Risk & Economy » Tax » How much is not enough?

Comedian Bob Hope used to tell jokes about how much money Bing Crosby had.
“Bing doesn’t pay income tax,” Hope would wisecrack. “He just phones up the
government and says, ‘How much do you need?’”

Few people can afford such largesse (fewer still have such a generous
inclination). But to paraphrase the old saying, companies are different from us:
they have more money. There is an evergrowing debate about how much companies
pay – and ought to pay – in taxes. News about corporate tax avoidance schemes
feature in the papers with almost as much regularity as ‘fat cat’ headlines
about executive pay.

The issue is a key part of the debate about the proper role of companies in
society and their contribution to it. It is increasingly on the corporate
governance radar and the corporate social responsibility (CSR) agenda. Companies
have to decide, for example, whether they prefer to be able to boast about the
number of hospitals their tax bill could fund or, at the other extreme, to be
aggressive tax optimisers in hot pursuit of every avoidance opportunity which
can enhance shareholder value. That makes tax strategy a boardroom issue, not
simply an operational matter to be dealt with by the finance department.

A case in point: last February, fund management group Henderson Global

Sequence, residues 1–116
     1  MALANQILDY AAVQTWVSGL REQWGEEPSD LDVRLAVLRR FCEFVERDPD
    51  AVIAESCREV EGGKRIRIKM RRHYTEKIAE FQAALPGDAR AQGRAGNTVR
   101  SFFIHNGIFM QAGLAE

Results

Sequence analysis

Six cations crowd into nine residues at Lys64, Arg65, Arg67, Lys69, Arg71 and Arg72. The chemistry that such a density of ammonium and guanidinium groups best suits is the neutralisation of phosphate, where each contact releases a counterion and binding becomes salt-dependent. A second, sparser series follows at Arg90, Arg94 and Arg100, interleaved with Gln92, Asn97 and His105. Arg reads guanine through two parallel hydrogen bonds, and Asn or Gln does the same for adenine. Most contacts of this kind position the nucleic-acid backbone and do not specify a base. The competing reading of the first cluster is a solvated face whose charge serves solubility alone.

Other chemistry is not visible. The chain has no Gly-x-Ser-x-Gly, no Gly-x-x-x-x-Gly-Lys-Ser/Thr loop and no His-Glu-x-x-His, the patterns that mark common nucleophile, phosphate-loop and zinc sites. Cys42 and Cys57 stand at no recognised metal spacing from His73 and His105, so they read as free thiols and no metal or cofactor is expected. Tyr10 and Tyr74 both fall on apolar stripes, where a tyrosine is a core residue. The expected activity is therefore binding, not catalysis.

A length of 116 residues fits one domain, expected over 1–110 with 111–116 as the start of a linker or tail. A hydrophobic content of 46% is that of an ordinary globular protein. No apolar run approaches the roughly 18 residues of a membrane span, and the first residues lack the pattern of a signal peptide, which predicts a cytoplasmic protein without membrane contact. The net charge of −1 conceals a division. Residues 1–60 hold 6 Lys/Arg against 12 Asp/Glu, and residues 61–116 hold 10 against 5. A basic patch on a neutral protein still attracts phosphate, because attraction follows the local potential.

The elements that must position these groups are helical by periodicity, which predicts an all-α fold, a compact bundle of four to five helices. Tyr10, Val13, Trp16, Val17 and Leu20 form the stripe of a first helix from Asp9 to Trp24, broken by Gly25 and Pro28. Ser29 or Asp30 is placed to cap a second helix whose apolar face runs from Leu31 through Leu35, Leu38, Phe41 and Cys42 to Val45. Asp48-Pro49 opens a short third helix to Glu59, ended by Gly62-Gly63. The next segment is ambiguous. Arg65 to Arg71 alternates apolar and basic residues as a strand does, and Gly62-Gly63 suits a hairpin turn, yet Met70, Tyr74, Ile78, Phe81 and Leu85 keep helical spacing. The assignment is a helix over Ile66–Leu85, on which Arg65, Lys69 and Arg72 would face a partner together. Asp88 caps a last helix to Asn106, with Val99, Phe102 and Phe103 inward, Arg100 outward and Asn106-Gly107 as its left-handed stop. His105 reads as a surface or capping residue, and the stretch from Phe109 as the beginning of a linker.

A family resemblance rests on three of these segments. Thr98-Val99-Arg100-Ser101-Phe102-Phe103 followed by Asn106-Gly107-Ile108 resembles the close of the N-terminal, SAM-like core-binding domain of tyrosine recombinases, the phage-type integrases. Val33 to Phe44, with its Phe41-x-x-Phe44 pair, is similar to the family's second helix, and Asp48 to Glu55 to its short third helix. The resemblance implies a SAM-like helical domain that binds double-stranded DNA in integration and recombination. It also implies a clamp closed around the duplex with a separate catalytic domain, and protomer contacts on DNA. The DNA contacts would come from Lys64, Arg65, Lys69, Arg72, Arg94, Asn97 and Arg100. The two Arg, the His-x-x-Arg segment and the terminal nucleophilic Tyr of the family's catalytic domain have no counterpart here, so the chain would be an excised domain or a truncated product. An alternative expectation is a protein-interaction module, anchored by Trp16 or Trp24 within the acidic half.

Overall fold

Investors published the results of a survey in a report entitled Tax, Risk
and Corporate Governance
. The institutional shareholder had written to the
chairmen of every company in the FTSE-350, asking them to complete a
questionnaire about their company’s strategic approach to tax.

But far from rabidly urging companies to pay as little tax as possible, the
covering letter sent to the chairmen made clear that, in Henderson’s view,
“Arrangements that minimise the amount of tax paid in the short term may be
detrimental in the longer term if there is a significant likelihood that they
will be challenged by tax authorities.”

It added that boards ought to be able to offer shareholders “a high degree of
assurance that risks relating to overall tax strategy… are fully evaluated and
judged to be appropriate”.

Twenty-three companies explicitly declined to respond to this survey. Some
argued that to do so would amount to selective disclosure to one shareholder of
price-sensitive information (which might therefore suggest that this information
ought to be disclosed to investors). For its part, Henderson said in its report
that it did not expect pricesensitive information to be revealed, but that “tax
management, as an important aspect of overall risk management and internal
control, is an appropriate topic of governance-focused inquiry by investors”.

Be that as it may, what the survey actually found was that, of the companies
that responded, only 38% had formally reviewed their tax strategy at board level